“There are risks to maintaining the expenditure ceiling over the medium term, which include the public service wage agreement and the financial position of several state-owned companies,” Nene told parliament during a Treasury presentation.
JOHANNESBURG - More than 40% of South African municipalities do not have enough money to carry out service delivery plans for the current financial year, Finance Minister Nhlanhla Nene revealed on Tuesday.
According to EWN, Nene in a written Parliamentary reply revealed that 112 municipalities have unfunded budgets.
The majority of municipalities come from Limpopo, followed by the Northern Cape and KwaZulu-Natal, the minister told MPs.
He further revealed that just 14 municipalities have approved financial recovery plans.
The Democratic Alliance's (DA) Kevin Mileham told the news site that it is evident that municipalities are either battling to collect revenue from ratepayers, have a revenue base that is not big enough, or are not adequately controlling their expenditure.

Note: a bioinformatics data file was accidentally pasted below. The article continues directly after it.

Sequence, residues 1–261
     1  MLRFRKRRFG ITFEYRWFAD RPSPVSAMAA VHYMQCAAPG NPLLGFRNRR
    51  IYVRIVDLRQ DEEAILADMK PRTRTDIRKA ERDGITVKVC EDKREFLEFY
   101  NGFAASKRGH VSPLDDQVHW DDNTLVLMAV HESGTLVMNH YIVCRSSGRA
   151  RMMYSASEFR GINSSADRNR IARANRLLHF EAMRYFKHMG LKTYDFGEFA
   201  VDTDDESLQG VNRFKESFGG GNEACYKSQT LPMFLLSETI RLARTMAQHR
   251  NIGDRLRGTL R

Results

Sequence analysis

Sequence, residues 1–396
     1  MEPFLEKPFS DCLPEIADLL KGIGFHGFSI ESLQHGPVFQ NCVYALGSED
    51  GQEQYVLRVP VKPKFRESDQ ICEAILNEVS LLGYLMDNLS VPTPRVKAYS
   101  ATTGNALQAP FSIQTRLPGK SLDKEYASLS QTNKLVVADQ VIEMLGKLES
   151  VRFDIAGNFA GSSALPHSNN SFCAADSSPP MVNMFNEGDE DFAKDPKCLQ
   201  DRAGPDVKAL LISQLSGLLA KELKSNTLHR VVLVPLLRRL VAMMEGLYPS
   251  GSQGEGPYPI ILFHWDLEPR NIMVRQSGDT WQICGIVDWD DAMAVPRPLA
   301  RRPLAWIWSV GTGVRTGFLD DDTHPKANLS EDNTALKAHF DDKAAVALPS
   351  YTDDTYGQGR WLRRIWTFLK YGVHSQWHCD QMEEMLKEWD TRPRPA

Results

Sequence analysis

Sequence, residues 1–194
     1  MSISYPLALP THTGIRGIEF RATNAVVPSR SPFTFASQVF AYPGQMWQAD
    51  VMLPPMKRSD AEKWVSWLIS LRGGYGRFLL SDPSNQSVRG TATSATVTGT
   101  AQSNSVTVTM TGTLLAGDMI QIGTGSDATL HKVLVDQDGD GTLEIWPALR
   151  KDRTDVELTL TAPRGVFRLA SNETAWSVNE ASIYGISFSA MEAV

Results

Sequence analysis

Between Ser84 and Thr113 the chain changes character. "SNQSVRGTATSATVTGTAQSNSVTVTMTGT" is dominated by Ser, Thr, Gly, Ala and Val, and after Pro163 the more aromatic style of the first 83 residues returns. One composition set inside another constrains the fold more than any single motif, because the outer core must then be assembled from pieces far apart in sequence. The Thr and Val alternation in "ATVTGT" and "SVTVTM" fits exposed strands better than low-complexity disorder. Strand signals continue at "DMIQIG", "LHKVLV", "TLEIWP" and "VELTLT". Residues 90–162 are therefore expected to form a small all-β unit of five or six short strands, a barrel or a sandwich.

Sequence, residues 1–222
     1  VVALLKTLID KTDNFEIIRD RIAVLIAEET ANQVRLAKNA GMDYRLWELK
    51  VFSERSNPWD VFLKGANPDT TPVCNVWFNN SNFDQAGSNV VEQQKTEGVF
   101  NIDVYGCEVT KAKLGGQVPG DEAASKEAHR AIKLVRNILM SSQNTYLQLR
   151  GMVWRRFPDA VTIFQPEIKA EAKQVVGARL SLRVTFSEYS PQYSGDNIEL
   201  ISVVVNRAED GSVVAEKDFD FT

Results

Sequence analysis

He further said: "The minister is obligated to intervene and sadly there's been a complete lack of intervention on the part of provinces and national executives of Cabinet to take the necessary steps to ensure financial stability in these municipalities.”
Earlier in the day, Nene told parliament that South Africa will struggle to stick to a promise to cut spending, which helped it avoid a damaging credit rating downgrade, if a stalemate over civil service wages is not resolved soon.
- BUSINESS REPORT ONLINE